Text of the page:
Updated Apr 11, 2024 - Business

With pets becoming family, bereavement leave gains steam

Illustration of a pet collar with the metallic ID stylized as a clock.

Illustration: Aïda Amer/Axios

While some companies have established pet-friendly policies as ownership rates soar, very few offer time off when their animal companions pass away.

Why it matters: Pet ownership skyrocketed during the pandemic, with the growth rate doubling post-COVID when compared to 2019, according to the American Pet Products Association.

  • Even with more people working remotely, companies have been re-evaluating policies to incorporate bereavement leave for employees who have embraced furry friends as family.

There has been a commensurate rise in the availability of support resources for dealing with a pet loss in recent years. Certain providers are experiencing increased demand for their services, The New York Times reported in February.

Yes, but: Only a handful of employers have implemented such adjustments in their policies.

Flashback: A 12-hour conference held in Los Angeles last year reflected the existing employee pet benefits, Bloomberg reported in May. Those include "pawternity," bereavement days, dog-boarding in the office, discounted insurance, and bringing furry companions to work.

  • Google, Imax, Starbucks, United Airlines, Walmart, Whole Foods and Zoom were among those at the conference discussing the opportunity to include more workplace support for pets.
  • Tech giants like Google and Amazon allow workers to bring their pet dogs to work; since 1999, they've even adopted a "take your dog to work day"

The big picture: Even as more workers returned to the office, pet ownership has remained elevated, according to ASPCA data, and those numbers are unlikely to taper off any time soon.

  • Almost one in five Americans adopted a dog or a cat, most popular pets in the U.S., between 2020 and 2021, according to the organization.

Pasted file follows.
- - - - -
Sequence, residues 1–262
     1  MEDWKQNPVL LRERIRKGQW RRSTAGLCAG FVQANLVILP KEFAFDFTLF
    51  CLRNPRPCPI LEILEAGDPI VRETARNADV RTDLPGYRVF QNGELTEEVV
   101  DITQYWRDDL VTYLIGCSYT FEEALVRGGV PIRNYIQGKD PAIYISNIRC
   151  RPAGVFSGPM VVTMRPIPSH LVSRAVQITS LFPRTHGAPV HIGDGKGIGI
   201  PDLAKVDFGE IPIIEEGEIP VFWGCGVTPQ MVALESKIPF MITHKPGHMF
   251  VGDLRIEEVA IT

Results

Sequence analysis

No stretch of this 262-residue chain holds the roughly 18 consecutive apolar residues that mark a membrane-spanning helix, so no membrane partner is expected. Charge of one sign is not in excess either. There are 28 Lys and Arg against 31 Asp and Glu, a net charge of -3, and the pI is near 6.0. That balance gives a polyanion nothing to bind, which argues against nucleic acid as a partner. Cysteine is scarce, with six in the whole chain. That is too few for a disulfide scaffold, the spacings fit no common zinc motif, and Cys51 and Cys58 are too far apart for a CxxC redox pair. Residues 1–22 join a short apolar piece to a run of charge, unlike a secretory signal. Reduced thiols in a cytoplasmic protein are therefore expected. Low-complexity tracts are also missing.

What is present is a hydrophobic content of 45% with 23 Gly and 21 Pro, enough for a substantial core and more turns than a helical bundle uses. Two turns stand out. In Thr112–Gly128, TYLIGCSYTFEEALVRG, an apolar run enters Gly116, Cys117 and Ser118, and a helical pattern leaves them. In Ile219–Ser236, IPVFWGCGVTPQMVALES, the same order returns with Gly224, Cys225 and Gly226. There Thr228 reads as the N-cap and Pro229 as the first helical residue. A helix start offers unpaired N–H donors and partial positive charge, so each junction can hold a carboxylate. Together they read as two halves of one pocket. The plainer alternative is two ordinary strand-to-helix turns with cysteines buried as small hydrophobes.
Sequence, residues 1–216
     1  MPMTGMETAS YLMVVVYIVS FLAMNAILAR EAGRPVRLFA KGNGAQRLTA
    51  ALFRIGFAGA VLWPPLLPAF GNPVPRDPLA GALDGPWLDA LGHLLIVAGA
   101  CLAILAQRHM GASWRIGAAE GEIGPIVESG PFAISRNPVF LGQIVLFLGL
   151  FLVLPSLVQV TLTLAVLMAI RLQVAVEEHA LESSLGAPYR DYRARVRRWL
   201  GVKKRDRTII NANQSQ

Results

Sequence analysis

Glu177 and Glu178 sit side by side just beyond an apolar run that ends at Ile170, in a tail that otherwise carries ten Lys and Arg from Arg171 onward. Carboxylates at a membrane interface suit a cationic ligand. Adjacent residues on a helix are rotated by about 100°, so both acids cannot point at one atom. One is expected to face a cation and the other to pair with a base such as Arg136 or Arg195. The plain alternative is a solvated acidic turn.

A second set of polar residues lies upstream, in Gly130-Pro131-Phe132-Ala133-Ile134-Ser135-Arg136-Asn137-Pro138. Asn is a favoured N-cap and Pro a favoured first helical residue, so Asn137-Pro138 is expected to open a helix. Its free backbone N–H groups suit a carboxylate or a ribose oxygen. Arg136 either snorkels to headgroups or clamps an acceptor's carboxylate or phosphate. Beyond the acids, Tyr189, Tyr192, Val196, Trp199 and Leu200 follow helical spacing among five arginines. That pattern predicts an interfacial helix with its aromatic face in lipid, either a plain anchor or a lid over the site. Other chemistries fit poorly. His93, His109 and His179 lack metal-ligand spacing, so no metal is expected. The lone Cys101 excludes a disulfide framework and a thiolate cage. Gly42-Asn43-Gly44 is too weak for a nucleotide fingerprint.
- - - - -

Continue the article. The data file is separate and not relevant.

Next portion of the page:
What they're saying: "I don't think that we're comfortable with grief. There's a lot of shame in talking about it" Erika Sinner, CEO of Directorie and author of "Pets Are Family", tells Axios.

  • "We can't normalize something if we don't talk about it," she says.
  • This might be a reason why there are no federal laws in place around bereavement leave, in general. Currently, only five states (California, Illinois, Maryland, Oregon and Washington) offer some sort of bereavement leave policies.
  • Sinner, who has personally experienced the loss of her dog, suggests that societal norms are evolving. That is reshaping priorities and redefining the concept of a family structure, so new policies should be considered in workplaces, she argues.

By the numbers: As pet ownership rates soar, a 2023 survey Pew Research study found that 62 percent of Americans are pet owners and nearly 97 percent of these consider pets as part of their family.

  • And a little over half (51 percent) also say they are as much a part of the family as a human member.

The bottom line: "It's a great way to signal to the new generation of workforce to show that you care about them beyond their job titles and that you understand that life outside of work impacts them at work," Sinner said.

  • "I think a nice way to do that is to have a policy that's black and white."
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